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NFL Draft Profile: Liam Eichenberg, OT, Notre Dame

Analysis of former Notre Dame All-American offensive tackle Liam Eichenberg

Notre Dame began quite a run when Harry Hiestand was hired, as every starting left tackle to start under Hiestand went on to become a first round NFL Draft pick. Now the Irish are hoping to continue that stretch with Jeff Quinn now in charge, as Liam Eichenberg is hoping to have his name called in the first round.


Height: 6'6.1"
Weight: 306
Arm: 32 3/8"
Hands: 9 5/8"
Wingspan: 79 3/8"

40-Yard: --
Pro Shuttle: 4.57
3-Cone: 7.53
Vertical: 26 1/2"
Broad: --
Bench: 33


Despite him consistently matching up - and beating - a long line of talented pass rushers the last three seasons, Eichenberg went into the offseason facing questions about his athleticism. He answered many of those questions at his Pro Day, at least based on his testing numbers.

Eichenberg's pro shuttle and three-cone numbers ranked fourth among all first-round offensive tackles going all the way back to the 2016 NFL Draft. That includes being better than all six of the first round tackles from the 2020 NFL Draft. His numbers blew away those posted by Ronnie Stanley during his Pro Day.


20-Yard Shuttle: 4.57
3-Cone Drill: 7.53


20-Yard Shuttle: 4.69
3-Cone Drill: 7.96

Eichenberg's 33 reps on the bench were also at least six reps better than any of those first round picks, a list that includes 16 former first round picks who actually participated in that drill.

Eichenberg backed up his strong testing performance with quality work during position drills.


EXPERIENCE/READINESS: Eichenberg is a plug-and-play offensive tackle and is arguably the most ready to play tackle in this draft. He started 38 straight games during his Notre Dame career, showing durability and toughness to stay on the field despite battling the typical bangs and bruises that players have to deal with.

His experience has allowed Eichenberg to become a savvy blocker that handles double moves effectively, picks up stunts and blitzes well and he knows how to recover when he gets beat. 

PASS BLOCKING EFFICIENCY: Eichenberg was a far, far more effective pass blocker in his final season than Mike McGlinchey, and he was more consistent than Stanley in his final season, although he wasn't as dominant as a pass blocker as his predecessor. Although he wasn't as dominant in the run game as McGlinchey, Eichenberg was far superior to McGlinchey in the pass game. Eichenberg is an above average athlete that shows the ability to bend, change direction effectively and his instincts allow him to handle advanced pass rush moves.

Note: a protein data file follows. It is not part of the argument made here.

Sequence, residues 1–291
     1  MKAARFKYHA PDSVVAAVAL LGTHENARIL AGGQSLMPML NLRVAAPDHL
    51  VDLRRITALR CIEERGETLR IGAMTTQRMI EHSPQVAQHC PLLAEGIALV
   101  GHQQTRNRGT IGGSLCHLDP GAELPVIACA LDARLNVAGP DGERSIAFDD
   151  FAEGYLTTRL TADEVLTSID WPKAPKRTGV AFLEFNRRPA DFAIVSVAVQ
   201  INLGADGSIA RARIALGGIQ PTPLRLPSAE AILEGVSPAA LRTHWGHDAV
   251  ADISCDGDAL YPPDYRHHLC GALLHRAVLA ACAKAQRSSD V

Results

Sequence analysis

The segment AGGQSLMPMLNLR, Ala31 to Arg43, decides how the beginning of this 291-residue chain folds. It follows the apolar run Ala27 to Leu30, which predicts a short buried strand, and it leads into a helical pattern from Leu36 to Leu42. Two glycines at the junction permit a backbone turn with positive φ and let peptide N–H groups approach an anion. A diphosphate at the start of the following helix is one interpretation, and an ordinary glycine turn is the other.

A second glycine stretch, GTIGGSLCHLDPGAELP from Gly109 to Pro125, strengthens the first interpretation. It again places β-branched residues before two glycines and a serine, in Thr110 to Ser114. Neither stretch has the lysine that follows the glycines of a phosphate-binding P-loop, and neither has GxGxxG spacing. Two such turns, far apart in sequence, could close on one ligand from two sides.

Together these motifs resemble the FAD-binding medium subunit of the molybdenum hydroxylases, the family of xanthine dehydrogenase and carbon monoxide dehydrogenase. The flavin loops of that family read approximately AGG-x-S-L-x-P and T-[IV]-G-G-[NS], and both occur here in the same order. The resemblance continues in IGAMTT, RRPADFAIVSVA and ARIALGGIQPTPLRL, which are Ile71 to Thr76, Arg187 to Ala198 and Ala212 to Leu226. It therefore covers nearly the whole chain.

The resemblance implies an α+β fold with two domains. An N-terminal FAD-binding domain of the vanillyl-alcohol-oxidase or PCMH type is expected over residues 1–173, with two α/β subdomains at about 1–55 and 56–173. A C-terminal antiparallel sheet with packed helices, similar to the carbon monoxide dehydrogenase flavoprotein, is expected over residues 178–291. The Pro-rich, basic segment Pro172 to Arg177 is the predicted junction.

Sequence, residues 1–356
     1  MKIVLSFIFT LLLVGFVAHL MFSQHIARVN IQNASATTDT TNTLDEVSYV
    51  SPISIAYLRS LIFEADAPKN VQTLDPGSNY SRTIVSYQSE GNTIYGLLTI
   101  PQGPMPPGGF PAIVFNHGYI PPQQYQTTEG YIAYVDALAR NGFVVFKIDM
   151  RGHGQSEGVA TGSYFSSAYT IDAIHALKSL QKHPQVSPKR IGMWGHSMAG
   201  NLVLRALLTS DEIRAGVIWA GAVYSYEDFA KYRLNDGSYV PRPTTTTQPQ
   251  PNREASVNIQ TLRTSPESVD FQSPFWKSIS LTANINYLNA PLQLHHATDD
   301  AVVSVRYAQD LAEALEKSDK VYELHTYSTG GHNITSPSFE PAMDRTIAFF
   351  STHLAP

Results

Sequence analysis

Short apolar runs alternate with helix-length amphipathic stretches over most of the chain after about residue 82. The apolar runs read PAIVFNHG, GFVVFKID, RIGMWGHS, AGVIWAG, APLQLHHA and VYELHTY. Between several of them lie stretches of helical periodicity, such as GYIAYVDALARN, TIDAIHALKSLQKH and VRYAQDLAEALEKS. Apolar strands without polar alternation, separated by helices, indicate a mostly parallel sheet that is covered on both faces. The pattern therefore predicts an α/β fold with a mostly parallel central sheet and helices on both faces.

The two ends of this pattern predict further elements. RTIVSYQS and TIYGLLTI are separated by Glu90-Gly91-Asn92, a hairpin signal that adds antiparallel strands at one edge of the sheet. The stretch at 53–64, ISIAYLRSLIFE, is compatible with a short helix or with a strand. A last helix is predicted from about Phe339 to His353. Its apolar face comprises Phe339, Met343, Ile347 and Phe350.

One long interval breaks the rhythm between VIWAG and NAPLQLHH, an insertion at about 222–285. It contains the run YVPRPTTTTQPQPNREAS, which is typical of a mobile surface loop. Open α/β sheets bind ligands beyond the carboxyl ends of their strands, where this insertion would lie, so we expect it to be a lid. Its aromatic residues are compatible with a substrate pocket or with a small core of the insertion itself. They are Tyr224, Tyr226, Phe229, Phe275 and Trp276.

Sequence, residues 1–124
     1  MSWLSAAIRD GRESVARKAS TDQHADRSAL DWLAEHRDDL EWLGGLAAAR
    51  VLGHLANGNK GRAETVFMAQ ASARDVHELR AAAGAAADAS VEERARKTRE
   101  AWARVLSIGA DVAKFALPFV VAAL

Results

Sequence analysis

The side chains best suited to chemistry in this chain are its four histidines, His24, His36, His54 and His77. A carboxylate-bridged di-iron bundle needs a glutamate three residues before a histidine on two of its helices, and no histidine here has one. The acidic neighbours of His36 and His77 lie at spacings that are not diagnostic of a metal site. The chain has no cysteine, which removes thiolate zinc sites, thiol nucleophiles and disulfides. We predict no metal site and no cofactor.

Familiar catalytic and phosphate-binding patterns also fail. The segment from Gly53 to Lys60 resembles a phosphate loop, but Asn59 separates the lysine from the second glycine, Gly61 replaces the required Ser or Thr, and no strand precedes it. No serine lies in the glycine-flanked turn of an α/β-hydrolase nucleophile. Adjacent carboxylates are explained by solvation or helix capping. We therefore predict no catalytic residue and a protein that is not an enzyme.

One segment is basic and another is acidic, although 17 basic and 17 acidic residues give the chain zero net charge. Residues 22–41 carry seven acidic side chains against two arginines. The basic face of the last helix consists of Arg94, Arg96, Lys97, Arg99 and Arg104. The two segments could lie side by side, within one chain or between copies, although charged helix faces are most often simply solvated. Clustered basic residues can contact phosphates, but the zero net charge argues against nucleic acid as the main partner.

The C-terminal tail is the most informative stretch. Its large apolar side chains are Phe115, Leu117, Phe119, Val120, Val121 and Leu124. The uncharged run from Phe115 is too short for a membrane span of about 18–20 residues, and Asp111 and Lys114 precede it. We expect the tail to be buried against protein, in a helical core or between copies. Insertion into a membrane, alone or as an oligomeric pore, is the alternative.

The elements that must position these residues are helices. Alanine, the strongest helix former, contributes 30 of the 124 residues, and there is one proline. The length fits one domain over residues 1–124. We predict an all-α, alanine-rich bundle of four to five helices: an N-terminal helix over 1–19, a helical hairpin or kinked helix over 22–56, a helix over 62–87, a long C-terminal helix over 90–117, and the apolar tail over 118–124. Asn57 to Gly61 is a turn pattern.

STRONG HANDS: Eichenberg needs work with his hand technique (see below) but he has heavy hands, which helps him in the run game and allows him to lock down pass rushers when he's able to get into their body. Eichenberg also shows the necessary hand quickness and reload ability to thrive against top edge rushers, especially as his technique improves.

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ALL-AROUND BLOCKER: Pass blocking has been his strength the last two seasons, but Eichenberg showed significant improvement in the run game in his final season. He was always a good run blocker, but he was dominant with that part of the game in 2020. Eichenberg's punch/upper body strength and quickness off the snap allow him to get a good push in the run game, and his instincts made him highly effective against line games. He's effective getting to the second level and showed the ability to reach the edge on perimeter runs. Eichenberg also showed an advanced feel for run game angles as a fifth-year player.


CONSISTENCY WITH HIS HANDS: Although Eichenberg has powerful hands and he is a smart blocker, he has to get better with how he attacks pass rushers at the next level. Notre Dame taught more of a two-hand punch under Quinn, and at times the Irish tackles - including Eichenberg - placed hands rather that punching in the pass game. This got Eichenberg in trouble at times, but it's a relatively easily correctable technique adjustment.

BALANCE/BASE: At times Eichenberg will lunge with his upper body, especially in the pass game, and when that happens he can lose his base and get knocked back or lose players late. It didn't hurt him in college because he was simply so much better than everyone he went against, but it could cause problems against the better edge rushers in the NFL. Eichenberg has a thick base, but he could stand to enhance his lower body strength a bit, something else that could help him handle those instances when he loses his base.

ARM LENGTH: I didn't see his length show up much on film, but his measurements were certainly concerning. I've read multiple reports that say there isn't a tackle in the draft that has shorter than 33" arms, but Eichenberg measured in with just 32 3/8" arms. His wingspan (79 3/8") was better thanks to him having broad shoulders.


Some might be concerned about his length, but Eichenberg didn't have many issues with that in college. He was consistent for his final two and a half seasons, and he was dominant as a fifth-year senior. Eichenberg is a top-notch pass blocker and in his final season he became a very effective run blocker, and he has experience both in zone schemes and gap schemes.

He doesn't have the ceiling of Stanley, but he has arguably the highest floor of any tackle in this draft.

NFL DRAFT RANGE: Late First Round, Early Second Round

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